Featured Research

from universities, journals, and other organizations

Karnal Bunt Struggles To Spread Without Large Numbers

Date:
August 5, 2002
Source:
Kansas State University
Summary:
Luckily for us, the economically devastating Karnal bunt fungus needs personal ads and singles bars more than we do. Airborne spores from the fungus, which damages wheat crops, are limited in how well they can start new infections over long distances, according to the findings from a Kansas State University project.

MANHATTAN, KAN. -- Luckily for us, the economically devastating Karnal bunt fungus needs personal ads and singles bars more than we do.

Airborne spores from the fungus, which damages wheat crops, are limited in how well they can start new infections over long distances, according to the findings from a Kansas State University project.

A phenomenon known as the Allee effect occurs when a small population of a species spread over a large area has little success in reproduction. The reason is that when individuals are dispersed over a wide area, it becomes difficult to find a mate. Like male and female humans, each Karnal bunt spore has something similar to a gender, and must find a spore with a different gender to reproduce. Karnal bunt has a larger spore that can reproduce on its own, but is heavier and less likely to be blown over long distances. It is the bunt's lighter, airborne spore that needs a mate.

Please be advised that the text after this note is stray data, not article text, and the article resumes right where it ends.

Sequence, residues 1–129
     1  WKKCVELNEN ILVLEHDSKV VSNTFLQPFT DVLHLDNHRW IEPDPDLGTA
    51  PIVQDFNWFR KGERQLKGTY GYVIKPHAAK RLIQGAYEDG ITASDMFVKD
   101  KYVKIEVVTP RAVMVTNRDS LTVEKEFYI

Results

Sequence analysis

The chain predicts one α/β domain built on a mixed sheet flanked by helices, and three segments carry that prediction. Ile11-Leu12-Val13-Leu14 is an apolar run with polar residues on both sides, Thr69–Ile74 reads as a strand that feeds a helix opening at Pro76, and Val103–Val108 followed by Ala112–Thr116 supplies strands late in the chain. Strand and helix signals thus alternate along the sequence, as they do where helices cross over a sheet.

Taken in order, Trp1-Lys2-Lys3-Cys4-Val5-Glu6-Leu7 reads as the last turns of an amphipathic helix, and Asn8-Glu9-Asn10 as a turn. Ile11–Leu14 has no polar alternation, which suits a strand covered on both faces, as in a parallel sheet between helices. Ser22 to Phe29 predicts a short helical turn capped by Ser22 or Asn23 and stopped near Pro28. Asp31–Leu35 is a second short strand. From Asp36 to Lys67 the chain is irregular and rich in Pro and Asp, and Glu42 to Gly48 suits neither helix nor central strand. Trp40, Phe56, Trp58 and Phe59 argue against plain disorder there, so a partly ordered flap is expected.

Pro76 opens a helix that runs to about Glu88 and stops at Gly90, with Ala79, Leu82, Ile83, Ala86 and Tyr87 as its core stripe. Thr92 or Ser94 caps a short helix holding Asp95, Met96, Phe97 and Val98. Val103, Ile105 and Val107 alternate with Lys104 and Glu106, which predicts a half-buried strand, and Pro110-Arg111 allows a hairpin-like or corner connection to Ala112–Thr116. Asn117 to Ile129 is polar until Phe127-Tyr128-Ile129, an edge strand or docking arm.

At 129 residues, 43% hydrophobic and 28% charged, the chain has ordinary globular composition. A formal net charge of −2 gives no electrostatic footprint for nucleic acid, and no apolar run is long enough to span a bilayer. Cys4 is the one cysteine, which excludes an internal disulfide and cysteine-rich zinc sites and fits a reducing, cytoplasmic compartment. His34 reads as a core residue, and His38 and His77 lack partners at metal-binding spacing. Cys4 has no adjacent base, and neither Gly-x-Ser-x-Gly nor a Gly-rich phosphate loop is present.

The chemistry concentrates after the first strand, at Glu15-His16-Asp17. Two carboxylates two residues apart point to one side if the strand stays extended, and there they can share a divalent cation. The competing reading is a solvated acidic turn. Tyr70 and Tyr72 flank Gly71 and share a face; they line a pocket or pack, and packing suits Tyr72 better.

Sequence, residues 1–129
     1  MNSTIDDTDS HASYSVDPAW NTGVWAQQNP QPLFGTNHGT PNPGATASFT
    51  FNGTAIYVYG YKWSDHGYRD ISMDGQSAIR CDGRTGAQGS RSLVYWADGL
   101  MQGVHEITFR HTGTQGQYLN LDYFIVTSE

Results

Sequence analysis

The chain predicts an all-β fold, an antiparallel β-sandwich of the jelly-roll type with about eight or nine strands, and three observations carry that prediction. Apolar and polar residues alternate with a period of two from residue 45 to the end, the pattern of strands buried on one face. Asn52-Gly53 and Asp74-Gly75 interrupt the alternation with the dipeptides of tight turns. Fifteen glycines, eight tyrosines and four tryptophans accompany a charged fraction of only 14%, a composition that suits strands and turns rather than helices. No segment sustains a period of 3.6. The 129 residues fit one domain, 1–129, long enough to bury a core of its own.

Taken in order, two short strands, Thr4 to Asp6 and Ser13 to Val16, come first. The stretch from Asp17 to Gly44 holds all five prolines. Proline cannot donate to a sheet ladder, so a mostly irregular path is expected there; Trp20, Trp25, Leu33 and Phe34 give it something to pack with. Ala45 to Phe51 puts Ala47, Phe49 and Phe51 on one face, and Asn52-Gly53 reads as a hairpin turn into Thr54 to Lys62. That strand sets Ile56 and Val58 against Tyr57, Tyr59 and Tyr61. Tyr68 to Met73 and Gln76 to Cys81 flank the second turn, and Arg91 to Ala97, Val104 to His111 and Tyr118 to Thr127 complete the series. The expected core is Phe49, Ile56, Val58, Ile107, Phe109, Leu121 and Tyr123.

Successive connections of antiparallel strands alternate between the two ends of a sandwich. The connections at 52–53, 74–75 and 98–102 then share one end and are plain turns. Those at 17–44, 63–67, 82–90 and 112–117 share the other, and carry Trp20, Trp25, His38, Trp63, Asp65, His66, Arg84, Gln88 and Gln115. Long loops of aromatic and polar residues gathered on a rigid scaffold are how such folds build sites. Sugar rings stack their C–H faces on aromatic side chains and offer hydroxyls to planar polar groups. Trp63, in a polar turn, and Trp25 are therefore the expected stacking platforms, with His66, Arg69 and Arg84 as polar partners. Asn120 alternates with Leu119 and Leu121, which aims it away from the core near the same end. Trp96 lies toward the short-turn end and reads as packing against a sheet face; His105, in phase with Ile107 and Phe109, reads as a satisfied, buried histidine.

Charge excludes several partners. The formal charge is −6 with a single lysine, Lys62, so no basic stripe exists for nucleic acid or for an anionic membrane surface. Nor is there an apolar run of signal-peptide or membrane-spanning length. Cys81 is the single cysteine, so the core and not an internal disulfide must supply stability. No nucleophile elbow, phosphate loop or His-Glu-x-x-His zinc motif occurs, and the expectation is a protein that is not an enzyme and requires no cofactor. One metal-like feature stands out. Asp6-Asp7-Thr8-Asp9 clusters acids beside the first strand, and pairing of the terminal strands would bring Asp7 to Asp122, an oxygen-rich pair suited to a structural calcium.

Small populations of the Karnal bunt pathogen are therefore expected to decline, instead of grow.

"If there is an Allee effect, as there is with this fungus, it makes it harder for a population to get over that hump to be a viable population. It makes it harder for the Karnal bunt pathogen to invade," said Karen Garrett, assistant professor of plant pathology at K-State. "With this fungus, the population needs a critical mass to function well."

Garrett is working on the Allee research with Robert Bowden, U.S. Department of Agriculture research plant pathologist. The results of their work will be presented at the Ecological Society of America's meeting in Tucson, Ariz., Aug. 4 to 9.

The research is good news for farmers in the U.S. Many countries have trade barriers against areas that are infested with Karnal bunt. Some regions in Arizona and Texas, where the pathogen has been found, cannot export wheat to those countries. Such a ban would be devastating in a state like Kansas, where wheat growers heavily depend on exports. Garrett said the results of the study may influence how trade officials in other countries regard the risk of Karnal bunt to their own wheat industry.

"That's part of why there is so much interest in the invasive potential of this pathogen," Garrett said.

Karnal bunt has little effect on the amount of wheat that a crop can produce, but it does affect its quality. Wheat infected with Karnal bunt tends to have a fishy odor and may have an unpleasant taste.

Garrett and Bowden described the Allee effect for Karnal bunt after running mathematical models. Garrett noted that some aspects of the life cycle of the Karnal bunt pathogen are not well understood, so their results will need to be adjusted as new research becomes available.

"We're making some assumptions to come up with particular risk estimates, but it is clear that this requirement to find another mating type will reduce the Karnal bunt pathogen's potential as an invasive species," Garrett said.